4. If n is an odd integer then n2 is an odd integer.
5. If n is an even positive integer then 7n + 4 is an even integer.
6. Let a, b, and c be any integers. If a | b, then a | bc.
7. Let a, b, and c be any integers. If a | b and b | c, then a | c.
8. Let a, b, and c be any integers . If ac | bc, then a | b.
9. If a is an odd integer then 8|(a2 – 1)

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The “Proof by Contradiction” method of proof of P  C Statements.

An If … then … (that is an P  C) statement is either true or false. If a P  C
statement is not false then it must be true. So if we assume that a P  C statement is false
and find that this cannot happen (get a contradiction) then the given P  C statement
must be true. In the following identity I will use the conventional P  C in place of
P  C.
The proof by contradiction method of proof is based on the identity:
   ( )P C P C     . How? To use the “proof by contradiction” method of a proof on a

P  C statement, we assume P is true, C is false, and prove that this gives a contradiction.
Note: The usual place to start using this method is generally the false part of the
“assumption” that C is false. Why?

Example 11:
Let n be an integer. Use the proof by contradiction method of proof to prove the
following: “If n3 + 5 is an odd integer then n is an even integer”.

Answer:
So to prove a statement of the form P  C using the proof by contradiction method the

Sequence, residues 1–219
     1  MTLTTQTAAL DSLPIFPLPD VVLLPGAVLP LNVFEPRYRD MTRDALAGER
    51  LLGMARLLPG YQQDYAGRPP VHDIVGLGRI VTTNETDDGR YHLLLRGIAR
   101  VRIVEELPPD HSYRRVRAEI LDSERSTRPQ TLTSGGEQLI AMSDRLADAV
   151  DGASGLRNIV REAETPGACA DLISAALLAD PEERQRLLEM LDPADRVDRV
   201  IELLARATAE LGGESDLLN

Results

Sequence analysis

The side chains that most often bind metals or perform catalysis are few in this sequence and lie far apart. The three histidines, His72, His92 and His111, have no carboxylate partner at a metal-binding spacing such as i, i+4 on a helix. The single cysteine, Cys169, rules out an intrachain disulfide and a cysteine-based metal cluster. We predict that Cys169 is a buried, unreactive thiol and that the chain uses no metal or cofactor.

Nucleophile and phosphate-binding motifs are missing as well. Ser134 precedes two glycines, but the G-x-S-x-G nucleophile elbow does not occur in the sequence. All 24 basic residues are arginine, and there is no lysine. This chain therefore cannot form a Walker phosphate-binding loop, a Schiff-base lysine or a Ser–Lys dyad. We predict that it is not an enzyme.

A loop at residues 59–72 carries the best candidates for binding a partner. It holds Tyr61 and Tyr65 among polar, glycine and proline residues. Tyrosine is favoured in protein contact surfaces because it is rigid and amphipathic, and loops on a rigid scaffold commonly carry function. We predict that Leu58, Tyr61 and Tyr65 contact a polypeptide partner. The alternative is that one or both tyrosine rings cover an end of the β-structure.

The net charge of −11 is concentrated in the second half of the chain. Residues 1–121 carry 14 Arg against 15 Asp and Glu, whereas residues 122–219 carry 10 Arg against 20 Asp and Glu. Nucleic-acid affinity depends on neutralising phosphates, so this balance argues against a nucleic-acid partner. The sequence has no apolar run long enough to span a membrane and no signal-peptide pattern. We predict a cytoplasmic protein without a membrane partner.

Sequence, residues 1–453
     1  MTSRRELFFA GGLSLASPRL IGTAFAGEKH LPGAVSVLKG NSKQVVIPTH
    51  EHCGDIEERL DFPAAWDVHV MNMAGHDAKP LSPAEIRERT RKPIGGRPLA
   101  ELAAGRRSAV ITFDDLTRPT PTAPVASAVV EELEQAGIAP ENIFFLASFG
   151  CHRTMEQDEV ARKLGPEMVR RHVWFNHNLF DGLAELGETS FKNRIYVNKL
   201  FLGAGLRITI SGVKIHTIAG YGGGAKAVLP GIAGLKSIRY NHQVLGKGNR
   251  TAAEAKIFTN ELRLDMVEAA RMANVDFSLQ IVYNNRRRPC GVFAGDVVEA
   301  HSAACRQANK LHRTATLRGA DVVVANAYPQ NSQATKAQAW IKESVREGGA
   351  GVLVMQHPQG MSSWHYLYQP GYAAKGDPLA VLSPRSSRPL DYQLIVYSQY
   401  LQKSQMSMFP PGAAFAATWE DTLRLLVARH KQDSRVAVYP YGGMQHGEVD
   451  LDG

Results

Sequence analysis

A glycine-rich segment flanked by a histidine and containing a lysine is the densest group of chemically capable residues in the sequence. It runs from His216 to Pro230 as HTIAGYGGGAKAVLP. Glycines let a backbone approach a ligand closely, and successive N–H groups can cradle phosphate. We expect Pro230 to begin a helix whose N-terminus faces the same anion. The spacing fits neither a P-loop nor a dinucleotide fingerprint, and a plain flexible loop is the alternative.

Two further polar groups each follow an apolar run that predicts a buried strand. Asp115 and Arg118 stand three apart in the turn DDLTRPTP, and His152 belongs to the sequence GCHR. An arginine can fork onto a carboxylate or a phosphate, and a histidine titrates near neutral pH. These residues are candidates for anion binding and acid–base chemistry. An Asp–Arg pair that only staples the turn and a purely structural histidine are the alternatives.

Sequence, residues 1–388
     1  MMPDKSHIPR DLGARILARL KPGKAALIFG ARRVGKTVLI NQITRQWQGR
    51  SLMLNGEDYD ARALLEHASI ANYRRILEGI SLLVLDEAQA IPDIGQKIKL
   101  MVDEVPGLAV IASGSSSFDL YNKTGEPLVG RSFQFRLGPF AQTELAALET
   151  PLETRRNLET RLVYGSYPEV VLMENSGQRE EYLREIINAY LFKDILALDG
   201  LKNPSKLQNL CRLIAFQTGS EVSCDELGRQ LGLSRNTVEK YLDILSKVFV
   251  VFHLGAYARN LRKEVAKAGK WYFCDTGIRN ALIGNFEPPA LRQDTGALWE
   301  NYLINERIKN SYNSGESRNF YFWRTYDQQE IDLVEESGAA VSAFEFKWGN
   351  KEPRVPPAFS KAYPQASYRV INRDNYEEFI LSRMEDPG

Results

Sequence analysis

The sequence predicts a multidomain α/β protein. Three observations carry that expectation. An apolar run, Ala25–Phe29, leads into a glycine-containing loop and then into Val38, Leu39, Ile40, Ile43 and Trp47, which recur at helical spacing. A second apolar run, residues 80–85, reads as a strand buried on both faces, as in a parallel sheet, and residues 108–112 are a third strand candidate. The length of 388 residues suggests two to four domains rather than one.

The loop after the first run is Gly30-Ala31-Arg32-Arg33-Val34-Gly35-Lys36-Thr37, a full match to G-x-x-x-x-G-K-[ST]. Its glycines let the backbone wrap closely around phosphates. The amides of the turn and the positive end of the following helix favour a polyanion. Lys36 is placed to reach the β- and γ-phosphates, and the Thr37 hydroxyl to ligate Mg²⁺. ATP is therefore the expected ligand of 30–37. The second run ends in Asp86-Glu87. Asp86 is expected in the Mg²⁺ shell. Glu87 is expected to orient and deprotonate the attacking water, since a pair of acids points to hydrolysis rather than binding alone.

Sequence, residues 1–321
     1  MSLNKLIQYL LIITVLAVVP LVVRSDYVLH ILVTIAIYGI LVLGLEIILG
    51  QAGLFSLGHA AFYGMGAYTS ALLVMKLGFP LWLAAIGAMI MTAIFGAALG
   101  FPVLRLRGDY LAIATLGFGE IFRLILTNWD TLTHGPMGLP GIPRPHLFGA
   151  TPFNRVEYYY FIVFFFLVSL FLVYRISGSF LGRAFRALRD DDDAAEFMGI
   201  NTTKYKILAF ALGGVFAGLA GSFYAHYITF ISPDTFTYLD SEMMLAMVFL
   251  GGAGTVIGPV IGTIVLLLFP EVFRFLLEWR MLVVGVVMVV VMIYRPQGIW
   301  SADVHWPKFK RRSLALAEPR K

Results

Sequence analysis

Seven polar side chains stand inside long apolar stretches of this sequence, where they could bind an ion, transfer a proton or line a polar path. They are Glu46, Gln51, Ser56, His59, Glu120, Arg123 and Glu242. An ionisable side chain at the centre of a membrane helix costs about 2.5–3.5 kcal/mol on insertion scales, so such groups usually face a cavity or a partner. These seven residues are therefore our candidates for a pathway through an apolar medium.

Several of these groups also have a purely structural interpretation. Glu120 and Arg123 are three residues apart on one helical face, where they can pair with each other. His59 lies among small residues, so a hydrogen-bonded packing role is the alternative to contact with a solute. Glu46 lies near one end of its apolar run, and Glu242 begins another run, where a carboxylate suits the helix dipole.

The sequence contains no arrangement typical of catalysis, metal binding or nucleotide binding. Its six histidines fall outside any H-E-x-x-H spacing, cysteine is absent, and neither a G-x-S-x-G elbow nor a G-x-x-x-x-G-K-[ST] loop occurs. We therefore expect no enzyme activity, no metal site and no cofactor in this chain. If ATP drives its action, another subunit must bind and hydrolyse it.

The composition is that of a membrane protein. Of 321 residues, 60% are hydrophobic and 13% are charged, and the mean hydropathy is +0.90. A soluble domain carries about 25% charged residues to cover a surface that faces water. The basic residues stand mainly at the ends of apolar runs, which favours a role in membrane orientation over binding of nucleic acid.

process is:
Assume (1) P is true and assume (2) C is false (note this is 2 different assumptions) and
then show that this gives a contradiction. The usual contradiction is to the assumption
that P is true

So the outline of any proof by contradiction usually is:

START with C is false 


.
.
.
 this contradicts the assumption that P is true
END

Now I will outline the proof of this example. To do so I must understand what C
is (n is a even integer) and what P is (n3 + 5 is an odd integer).

Proof: (by contradiction)
Assume n is even is false and also assume n3 + 5 is odd is true and show that this
gives a contradiction (the contradiction will most likely be to the assumption that n3 + 5
is odd is true)

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Outline:
Start n is even is false

 n3 + 5 = 2(some integer) (c)
 n3 + 5 is an even integer (b)
 this contradicts the assumption that n3 + 5 is odd is true (a)

END

NOTE I wrote the “start line” first then I knew what I wanted to prove,

namely, line (a) so I wrote this at the bottom. For line (a) to be contradicted n3 + 5
had to be even so line (b) had to occur so I wrote this down and for line (b) to
happen line(c) had to happen.

Now I’ll do the proof using the above outline

Start n is even is false
 n is an odd integer

 n = 2x + 1 for some integer x (definition of odd integer)